The degree of accuracy of the held signal value relative to the actual input signal value is largely a function of the resistance of the input switch and the time allocated for the sample. For the sample to be accurate with slowly varying signals, the time allocated for the sample must be many times the time constant of the sample and hold circuit, RC, where R is the effective resistance of the input switch (which includes the resistance associated with the input signal driver to the input switch) and C is the effective capacitance of the storage capacitor (which includes any stray capacitance, Miller capacitance, etc.) and is usually a fixed value. The longer the sample time or the shorter the RC time constant, the more the accuracy of the sample. For accurate acquisition of a sample, the sample time must be much greater than the time constant. A typical minimum sampling time of the five or more time constants are needed for better than a 0.1% sampling accuracy. Alternately, the time constant can be made smaller by making the capacitor smaller, but clock feedthrough and charge injection from the switches would increase.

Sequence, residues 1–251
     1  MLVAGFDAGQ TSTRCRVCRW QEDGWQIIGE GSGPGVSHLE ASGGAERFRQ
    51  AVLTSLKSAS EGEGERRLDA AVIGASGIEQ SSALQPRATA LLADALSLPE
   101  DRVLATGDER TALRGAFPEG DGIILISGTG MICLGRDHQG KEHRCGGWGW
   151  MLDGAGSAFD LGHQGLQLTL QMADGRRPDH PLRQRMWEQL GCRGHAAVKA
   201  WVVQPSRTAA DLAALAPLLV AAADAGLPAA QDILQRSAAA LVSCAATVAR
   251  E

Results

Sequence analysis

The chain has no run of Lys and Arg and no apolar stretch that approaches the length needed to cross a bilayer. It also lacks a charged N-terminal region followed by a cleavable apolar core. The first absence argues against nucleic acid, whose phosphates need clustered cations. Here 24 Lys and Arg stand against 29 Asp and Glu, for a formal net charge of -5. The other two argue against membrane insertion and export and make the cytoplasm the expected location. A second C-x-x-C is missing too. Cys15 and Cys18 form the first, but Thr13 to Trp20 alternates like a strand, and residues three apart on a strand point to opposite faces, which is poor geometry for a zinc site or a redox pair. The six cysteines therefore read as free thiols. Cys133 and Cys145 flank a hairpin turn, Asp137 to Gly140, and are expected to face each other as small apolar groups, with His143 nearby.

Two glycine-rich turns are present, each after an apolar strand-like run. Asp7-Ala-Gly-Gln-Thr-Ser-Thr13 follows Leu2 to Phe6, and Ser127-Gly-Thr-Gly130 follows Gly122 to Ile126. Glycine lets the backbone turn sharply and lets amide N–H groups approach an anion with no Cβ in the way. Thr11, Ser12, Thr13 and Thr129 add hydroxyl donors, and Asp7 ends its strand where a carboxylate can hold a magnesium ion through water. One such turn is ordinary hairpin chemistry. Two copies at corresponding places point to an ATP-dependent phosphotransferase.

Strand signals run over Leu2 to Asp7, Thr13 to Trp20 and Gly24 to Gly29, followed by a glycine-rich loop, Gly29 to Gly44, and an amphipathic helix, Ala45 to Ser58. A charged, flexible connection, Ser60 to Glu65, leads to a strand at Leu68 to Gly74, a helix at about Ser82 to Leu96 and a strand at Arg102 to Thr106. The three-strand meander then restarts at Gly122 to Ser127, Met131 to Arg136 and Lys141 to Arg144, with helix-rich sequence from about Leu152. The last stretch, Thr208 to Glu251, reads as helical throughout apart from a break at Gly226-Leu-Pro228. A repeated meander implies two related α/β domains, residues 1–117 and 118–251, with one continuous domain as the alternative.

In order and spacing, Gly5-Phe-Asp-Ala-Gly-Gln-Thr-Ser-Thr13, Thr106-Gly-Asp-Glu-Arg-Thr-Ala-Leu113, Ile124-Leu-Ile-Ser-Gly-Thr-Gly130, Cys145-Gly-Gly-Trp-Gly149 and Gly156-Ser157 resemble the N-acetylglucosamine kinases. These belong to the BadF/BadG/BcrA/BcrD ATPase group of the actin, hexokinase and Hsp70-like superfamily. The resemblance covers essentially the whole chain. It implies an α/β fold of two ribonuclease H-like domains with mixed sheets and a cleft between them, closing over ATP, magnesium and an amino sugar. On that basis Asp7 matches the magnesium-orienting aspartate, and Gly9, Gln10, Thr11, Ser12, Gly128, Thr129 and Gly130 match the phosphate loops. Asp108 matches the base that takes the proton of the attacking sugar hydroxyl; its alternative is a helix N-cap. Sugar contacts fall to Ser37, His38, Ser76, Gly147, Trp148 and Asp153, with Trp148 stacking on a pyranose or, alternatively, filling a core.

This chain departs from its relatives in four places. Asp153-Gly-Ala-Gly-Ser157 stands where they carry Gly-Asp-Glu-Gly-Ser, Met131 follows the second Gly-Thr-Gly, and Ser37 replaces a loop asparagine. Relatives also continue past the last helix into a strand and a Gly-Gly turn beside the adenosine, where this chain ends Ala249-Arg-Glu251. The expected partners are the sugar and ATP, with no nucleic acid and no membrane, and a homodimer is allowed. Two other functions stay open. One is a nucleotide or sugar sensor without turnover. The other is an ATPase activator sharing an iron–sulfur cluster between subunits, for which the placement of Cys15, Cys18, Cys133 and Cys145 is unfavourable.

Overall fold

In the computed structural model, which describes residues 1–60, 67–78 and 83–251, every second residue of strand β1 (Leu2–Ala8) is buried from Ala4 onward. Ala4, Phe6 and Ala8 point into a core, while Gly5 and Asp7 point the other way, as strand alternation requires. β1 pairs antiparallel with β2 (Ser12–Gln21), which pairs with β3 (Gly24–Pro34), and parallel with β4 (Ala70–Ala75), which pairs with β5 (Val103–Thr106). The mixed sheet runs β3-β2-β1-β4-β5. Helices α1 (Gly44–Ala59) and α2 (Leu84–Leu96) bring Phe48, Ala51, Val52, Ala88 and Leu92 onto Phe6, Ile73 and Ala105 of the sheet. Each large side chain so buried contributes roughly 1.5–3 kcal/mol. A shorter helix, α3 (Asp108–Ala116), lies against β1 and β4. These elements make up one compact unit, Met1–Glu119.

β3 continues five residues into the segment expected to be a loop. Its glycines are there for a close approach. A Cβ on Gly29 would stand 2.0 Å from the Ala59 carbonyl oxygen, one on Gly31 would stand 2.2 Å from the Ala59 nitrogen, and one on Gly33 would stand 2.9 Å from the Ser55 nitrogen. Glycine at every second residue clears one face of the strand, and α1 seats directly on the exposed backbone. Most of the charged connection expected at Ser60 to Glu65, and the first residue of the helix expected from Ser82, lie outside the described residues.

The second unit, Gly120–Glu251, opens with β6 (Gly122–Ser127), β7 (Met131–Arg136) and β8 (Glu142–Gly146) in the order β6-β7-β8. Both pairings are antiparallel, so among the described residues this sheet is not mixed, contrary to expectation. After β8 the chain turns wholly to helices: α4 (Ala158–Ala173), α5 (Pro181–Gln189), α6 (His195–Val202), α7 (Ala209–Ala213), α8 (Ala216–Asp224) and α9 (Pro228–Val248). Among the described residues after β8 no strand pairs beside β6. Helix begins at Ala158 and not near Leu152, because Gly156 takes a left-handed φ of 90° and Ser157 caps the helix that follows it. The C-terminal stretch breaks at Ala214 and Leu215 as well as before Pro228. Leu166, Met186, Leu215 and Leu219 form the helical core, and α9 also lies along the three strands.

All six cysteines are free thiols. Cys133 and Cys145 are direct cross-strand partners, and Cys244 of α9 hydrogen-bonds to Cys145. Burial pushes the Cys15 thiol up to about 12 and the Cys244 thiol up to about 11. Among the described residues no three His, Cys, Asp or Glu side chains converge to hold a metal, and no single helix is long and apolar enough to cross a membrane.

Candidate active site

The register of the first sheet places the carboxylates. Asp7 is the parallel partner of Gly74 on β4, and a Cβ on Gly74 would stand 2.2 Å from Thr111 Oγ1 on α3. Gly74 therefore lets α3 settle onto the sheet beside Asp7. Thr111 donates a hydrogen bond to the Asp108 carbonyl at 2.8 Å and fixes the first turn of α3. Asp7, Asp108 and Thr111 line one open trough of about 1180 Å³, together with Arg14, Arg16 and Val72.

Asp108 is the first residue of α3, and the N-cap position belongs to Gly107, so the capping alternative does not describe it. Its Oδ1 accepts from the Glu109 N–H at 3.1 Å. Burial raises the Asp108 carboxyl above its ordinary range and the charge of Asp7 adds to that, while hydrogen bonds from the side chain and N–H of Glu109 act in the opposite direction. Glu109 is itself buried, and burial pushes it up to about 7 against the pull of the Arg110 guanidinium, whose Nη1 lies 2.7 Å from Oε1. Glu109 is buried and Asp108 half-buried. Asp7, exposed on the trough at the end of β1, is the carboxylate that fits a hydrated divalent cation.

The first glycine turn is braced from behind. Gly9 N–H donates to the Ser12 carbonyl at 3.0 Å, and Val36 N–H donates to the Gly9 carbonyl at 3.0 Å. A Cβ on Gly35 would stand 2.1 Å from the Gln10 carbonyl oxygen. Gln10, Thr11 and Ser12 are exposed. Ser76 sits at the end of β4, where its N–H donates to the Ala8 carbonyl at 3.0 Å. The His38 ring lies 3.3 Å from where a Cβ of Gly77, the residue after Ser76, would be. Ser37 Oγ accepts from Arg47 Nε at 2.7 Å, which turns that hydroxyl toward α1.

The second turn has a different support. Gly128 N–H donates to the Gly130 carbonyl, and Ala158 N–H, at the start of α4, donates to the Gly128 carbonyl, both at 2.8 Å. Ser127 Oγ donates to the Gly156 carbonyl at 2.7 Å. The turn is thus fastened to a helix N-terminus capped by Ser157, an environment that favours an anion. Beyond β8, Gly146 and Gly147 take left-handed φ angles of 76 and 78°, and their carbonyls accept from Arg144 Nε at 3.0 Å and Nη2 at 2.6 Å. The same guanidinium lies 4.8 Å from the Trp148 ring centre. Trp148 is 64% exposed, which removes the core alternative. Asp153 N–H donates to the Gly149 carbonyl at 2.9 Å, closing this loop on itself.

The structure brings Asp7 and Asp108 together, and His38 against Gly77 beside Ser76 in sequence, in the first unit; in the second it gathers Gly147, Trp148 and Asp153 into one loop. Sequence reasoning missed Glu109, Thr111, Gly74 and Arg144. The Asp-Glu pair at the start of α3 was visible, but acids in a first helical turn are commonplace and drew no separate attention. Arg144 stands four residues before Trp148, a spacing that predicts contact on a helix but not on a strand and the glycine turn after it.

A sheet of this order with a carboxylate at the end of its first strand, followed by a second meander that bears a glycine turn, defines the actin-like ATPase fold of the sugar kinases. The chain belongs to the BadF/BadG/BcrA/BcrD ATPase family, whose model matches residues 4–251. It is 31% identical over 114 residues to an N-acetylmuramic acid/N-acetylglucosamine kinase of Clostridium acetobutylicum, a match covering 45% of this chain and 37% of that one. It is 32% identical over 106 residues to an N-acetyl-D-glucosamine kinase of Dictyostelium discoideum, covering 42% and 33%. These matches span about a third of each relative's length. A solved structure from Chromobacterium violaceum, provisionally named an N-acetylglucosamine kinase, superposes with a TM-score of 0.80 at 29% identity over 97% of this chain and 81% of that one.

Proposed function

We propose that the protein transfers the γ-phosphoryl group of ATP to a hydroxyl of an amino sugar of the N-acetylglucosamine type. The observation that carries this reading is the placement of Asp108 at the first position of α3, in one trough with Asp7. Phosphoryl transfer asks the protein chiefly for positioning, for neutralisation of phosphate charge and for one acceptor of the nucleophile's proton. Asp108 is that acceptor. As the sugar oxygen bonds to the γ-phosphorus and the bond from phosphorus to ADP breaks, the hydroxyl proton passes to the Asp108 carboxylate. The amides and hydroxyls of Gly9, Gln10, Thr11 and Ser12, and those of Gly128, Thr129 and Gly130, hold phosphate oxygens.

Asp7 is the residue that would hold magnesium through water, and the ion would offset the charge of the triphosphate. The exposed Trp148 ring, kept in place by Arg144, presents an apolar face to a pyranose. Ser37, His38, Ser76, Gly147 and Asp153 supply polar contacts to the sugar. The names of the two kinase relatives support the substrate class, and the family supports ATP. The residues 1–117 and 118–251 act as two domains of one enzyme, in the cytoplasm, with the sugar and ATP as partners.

The typical approach to increasing the speed and/or accuracy of a S&H circuit is to reduce the resistance of the input switch. Increasing the size of the MOS transistors in the switch have reduced the resistance but at the cost of increasing clock feedthrough and charge injection, both of which decrease the accuracy of the S&H.

In real-world applications, the input signal is time-varying and the sampling must be done at a high rate, such as near the Nyquist rate. Thus, the amount of time that can be allocated for the sample is short with a corresponding degradation in accuracy. In some applications, such as very high speed analog-to-digital converters or analog sampled data systems, the conventional S&H with the above improvements may not be accurate enough at the desired sampling rate.

Thus, it is desirable to provide a S&H circuit that allows for higher sampling rates than previous S&H circuits.

Further, it is desirable to provide a S&H circuit with higher accuracy at a given sampling rate than previous S&H circuits.

SUMMARY OF THE INVENTION

This and other aspects of the invention may be obtained generally in a sample and hold circuit having a sampling node therein, an input node, and an input switch for selectively coupling the input node to the sampling node during sampling and decoupling the input node from the sampling node when holding. The circuit is improved by adding a differential amplifier having an inverting input, a non-inverting input and an output, disposed between the input node and the input switch. The output of the differential amplifier connects to the input switch, the non-inverting input couples to the input node, and the inverting input couples to the sampling node.